This Thursday’s #medlibs discussion at 9pm Eastern will discuss the idea of thinning the herd of library services so that we can grow healthy new opportunities.
Molly Knapp (@dial_m), Amy Blevins (@blevinsa) and I (@krafty) will be moderating the discussion. As always we will be using the hashtag #medlibs but if you want to further the discussion before/during/or after the regular Thursday night time use the hashtag #moo.
The best way to get the most out of your MLA membership is to get involved. For new members it can be a bit daunting. But never fear, the MLA New Members SIG is having a Hangout this Friday December 6th at 9pm Eastern.
If you are a new member you may not know exactly what a SIG is. A SIG is a Special Interest Group. SIGs are “ad hoc groups open to all members of the association. SIGs range from a series of informal meetings on a specific, short-term issue to an established subgroup within an MLA section.”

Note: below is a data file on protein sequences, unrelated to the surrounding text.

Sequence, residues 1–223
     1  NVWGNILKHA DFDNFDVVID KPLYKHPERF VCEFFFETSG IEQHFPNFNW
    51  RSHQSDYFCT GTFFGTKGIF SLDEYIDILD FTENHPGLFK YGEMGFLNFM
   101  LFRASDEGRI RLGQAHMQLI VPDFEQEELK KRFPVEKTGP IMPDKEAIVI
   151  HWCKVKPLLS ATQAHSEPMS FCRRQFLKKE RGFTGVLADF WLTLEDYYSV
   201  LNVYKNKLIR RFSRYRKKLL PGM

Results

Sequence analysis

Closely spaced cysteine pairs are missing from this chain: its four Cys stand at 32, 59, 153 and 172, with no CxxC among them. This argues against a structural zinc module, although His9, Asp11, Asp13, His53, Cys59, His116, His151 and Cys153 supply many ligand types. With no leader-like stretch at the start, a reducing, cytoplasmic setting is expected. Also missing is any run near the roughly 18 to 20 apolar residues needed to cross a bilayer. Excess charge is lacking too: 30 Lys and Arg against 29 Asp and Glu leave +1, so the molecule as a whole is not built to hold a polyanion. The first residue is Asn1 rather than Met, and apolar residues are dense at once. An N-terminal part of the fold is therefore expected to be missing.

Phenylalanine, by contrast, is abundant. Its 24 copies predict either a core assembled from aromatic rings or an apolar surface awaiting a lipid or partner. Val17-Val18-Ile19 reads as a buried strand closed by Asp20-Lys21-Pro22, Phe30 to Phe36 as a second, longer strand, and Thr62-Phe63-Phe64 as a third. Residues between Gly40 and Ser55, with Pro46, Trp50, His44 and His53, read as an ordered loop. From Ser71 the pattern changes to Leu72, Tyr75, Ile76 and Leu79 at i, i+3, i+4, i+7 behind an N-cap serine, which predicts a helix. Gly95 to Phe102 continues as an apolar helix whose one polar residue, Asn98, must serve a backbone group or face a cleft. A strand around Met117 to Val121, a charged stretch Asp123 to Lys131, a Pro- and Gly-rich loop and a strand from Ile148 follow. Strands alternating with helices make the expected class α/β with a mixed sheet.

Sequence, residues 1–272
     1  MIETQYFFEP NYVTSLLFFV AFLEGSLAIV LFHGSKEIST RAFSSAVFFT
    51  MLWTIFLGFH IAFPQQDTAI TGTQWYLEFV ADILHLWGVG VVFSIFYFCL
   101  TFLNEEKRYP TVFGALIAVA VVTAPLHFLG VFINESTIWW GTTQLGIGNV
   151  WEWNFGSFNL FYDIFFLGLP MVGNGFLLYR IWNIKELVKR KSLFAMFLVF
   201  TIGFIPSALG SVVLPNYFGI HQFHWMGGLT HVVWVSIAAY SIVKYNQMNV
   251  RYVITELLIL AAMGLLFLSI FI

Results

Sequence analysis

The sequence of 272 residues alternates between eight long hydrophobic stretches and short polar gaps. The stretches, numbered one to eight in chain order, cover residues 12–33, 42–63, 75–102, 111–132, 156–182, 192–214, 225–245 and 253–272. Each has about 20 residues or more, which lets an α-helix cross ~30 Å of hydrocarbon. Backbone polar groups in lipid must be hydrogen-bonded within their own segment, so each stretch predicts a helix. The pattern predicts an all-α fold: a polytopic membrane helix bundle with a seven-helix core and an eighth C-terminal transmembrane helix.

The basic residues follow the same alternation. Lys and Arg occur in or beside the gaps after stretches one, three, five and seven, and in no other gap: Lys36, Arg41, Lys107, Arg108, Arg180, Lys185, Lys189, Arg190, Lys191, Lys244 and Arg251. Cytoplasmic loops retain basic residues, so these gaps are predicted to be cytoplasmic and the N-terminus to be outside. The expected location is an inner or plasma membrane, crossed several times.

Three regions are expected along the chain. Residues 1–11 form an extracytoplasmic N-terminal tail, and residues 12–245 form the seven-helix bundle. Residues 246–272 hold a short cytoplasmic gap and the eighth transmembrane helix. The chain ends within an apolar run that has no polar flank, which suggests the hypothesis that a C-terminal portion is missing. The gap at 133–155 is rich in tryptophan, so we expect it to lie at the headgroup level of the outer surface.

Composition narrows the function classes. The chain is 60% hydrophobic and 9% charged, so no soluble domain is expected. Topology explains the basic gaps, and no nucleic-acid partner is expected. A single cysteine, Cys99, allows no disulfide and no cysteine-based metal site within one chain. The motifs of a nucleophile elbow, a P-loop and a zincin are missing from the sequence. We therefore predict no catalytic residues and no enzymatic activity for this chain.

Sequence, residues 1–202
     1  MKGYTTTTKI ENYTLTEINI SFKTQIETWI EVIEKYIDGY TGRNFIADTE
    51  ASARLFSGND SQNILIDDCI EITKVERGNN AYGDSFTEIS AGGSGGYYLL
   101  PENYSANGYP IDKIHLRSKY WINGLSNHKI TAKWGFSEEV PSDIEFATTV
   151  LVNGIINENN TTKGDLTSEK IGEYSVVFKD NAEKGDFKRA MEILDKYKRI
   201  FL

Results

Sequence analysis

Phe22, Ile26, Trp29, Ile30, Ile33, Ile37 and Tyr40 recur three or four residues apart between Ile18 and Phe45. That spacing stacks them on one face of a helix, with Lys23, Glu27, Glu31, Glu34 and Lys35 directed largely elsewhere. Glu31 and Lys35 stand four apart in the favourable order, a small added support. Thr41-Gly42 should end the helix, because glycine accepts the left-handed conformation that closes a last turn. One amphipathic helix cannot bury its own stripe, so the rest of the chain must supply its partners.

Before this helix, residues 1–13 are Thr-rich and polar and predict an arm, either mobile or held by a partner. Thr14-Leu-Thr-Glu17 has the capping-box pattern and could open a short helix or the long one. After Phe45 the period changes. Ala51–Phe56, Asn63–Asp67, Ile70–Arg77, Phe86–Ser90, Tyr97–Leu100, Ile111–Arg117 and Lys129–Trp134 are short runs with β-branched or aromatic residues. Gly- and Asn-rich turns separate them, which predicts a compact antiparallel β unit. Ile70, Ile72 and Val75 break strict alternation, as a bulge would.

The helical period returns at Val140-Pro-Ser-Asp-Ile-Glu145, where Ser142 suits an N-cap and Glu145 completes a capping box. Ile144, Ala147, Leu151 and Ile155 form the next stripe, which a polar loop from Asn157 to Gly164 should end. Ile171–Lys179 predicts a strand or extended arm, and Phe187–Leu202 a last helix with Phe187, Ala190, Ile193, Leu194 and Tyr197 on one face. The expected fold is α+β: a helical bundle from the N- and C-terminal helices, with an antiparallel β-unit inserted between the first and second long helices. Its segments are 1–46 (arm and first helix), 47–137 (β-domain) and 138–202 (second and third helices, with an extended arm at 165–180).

There are 21 SIGs in MLA (view list here). SIGs “provide a forum for members with unique interests to identify and meet with others with similar interests without having to fulfill the governance requirements of Sections. SIGs are generally created as less formal and more flexible organizational units, with the advantages of fewer reporting and no minimum membership requirements.” IMHO think of a SIG as the light version of Section. (For more information on SIGs go to MLA or my blog post.)
A SIG for new members is a great way to get some exposure and involvement in MLA because it is less formal and more flexible.
So if you are new member please consider joining other new members at the New Members SIG online event this Friday, Dec 6 @ 9pm Eastern.
They will be talking about the New Members SIG, preparing for MLA 2014, MLA resources, strategies for networking and meeting other medical librarians, and just getting to know each other.
More information can be found here http://bit.ly/1cVg0I2
While the Hangout is geared for new members, it is open to all.